Last year, China also raised auto fuel efficiency standards, which are among the toughest in the world. The new regulations reward smaller cars while imposing strict fuel efficiency standards on larger ones. Initially, only one U.S. SUV passed the standards. “We learned our lessons from the United States,” says Wang Junwei, who helps set the Chinese government’s auto standards. “We are going to clamp down on them early!”
The big benefits are, again, long term. A U.S. consultant who worked with the government says the new standards were designed to pressure joint ventures like GM and Volkswagen to send their newest technology to China, so that China can sell cars to efficiency-conscious Europeans in a decade or so. Referring to Detroit’s reluctance to make small cars with better fuel economy, he laughs, “China doesn’t subscribe to the idea that what’s good for GM is good for the country.”
China seems to be starting a lot of little projects, seeing which ones thrive, and then nurturing them to a potentially big payoff down the line. With this attitude, even pie-in-the-sky technologies like hydrogen start to seem reasonable. Beijing’s Tsinghua University has developed a hydrogen fuel cell bus that runs on the cheap. Designed to cost less than half the price of the Mercedes fuel cell bus and using one-third the hydrogen per kilometer, the Tsinghua bus’s top speed is only 35 miles per hour. But what bus driver between Beijing and Bombay can go any faster? Ouyang Minggao, the coordinator of the 100-person bus development team, plans to have 15 buses on the streets of Beijing for the 2008 Olympics and have commercial production in place by 2010. He sees a niche market for hydrogen buses in developing countries. “China will be very competitive,” he says, “not the best quality, but reasonable.”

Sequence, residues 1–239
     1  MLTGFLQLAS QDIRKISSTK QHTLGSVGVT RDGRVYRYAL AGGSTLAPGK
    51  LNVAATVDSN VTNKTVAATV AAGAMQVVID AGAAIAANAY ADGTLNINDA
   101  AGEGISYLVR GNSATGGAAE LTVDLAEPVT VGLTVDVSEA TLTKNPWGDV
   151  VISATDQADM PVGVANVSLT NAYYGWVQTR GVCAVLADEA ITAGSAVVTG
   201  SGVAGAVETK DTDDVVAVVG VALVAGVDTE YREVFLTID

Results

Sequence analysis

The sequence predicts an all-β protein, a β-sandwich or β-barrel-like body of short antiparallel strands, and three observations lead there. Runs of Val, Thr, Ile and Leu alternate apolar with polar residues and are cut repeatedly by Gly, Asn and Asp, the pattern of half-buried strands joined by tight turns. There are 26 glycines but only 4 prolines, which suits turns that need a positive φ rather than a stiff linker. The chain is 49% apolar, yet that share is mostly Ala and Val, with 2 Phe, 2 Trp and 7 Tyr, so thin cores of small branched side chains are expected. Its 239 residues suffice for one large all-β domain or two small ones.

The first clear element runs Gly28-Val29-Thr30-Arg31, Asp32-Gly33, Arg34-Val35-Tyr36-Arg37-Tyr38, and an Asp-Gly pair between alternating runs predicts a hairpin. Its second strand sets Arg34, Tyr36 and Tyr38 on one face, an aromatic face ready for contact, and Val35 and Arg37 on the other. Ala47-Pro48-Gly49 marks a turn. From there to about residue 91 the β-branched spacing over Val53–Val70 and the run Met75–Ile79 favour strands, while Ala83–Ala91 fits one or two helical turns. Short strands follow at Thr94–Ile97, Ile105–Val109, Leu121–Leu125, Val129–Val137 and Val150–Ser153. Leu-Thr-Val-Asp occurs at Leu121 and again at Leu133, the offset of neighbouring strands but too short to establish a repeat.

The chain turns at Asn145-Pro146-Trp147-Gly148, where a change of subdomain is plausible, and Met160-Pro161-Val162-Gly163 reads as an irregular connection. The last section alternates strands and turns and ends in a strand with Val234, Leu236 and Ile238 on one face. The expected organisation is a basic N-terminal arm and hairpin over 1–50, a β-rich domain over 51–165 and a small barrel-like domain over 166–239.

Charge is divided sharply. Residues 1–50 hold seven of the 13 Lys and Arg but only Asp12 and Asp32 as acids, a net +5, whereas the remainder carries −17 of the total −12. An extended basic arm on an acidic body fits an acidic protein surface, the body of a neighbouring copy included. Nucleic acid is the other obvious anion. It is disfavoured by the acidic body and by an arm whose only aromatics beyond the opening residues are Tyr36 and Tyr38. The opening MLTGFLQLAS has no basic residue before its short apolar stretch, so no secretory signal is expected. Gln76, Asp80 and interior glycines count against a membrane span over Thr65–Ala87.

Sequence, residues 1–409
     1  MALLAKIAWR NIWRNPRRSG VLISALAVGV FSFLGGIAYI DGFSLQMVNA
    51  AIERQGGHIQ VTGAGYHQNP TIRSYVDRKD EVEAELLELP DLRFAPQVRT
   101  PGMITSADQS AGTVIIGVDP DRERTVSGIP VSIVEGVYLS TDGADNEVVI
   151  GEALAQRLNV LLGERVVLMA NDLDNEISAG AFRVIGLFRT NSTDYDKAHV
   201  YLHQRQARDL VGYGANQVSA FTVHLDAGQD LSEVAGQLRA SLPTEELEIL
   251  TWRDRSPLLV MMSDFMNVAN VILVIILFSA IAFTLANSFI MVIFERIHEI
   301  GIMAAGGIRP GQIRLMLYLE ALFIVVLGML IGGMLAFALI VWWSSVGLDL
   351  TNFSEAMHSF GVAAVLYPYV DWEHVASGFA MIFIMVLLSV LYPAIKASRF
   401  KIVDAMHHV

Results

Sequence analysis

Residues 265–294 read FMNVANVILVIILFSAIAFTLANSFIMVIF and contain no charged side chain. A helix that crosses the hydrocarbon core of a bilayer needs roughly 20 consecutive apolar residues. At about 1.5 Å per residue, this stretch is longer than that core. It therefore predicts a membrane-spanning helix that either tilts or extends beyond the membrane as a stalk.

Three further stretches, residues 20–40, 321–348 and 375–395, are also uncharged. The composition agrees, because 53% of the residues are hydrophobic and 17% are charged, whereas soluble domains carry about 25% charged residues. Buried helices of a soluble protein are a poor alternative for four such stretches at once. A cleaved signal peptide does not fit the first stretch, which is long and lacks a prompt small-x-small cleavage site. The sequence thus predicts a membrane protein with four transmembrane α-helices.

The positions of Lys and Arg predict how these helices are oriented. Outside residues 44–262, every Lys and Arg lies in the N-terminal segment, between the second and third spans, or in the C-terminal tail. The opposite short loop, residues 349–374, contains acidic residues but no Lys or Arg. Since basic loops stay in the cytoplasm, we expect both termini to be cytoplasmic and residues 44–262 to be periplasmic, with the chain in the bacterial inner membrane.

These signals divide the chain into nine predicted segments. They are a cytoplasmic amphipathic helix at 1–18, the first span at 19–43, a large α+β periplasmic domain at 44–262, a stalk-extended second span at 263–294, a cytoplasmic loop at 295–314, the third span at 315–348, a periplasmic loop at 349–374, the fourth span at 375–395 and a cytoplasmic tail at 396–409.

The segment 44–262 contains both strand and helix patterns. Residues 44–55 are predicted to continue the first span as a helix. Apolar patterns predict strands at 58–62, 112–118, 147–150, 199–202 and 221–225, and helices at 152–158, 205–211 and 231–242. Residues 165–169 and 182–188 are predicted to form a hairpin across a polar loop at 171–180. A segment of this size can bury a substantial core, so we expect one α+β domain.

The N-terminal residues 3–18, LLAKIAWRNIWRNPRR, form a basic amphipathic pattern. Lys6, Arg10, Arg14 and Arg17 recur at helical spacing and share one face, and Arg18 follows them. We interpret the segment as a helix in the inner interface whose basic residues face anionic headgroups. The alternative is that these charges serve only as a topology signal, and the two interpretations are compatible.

The road from a zillion ideas to several thriving industries is long, expensive, and treacherous. China would do well to study the experience of California (whose incentives and technology they’ve partially adopted). During the heyday of renewable power in the 1980s, California companies were doing much of the research and development on wind, solar, and solar thermal power—driven by government incentives and a growing market. In 1985, California had 95 percent of the world’s installed windpower. But with the deregulation of the electricity industry, and the arrival of seemingly cheap natural gas, California stopped nurturing its market and the state’s industry fell apart, just when the rest of the world started to take wind seriously.
Lisa Margonelli is a writer based in Berkeley. She’s working on a book about the culture of oil called Oil On the Brain: Travels in the World of Petroleum that will be published by Nan A. Talese/Doubleday next year.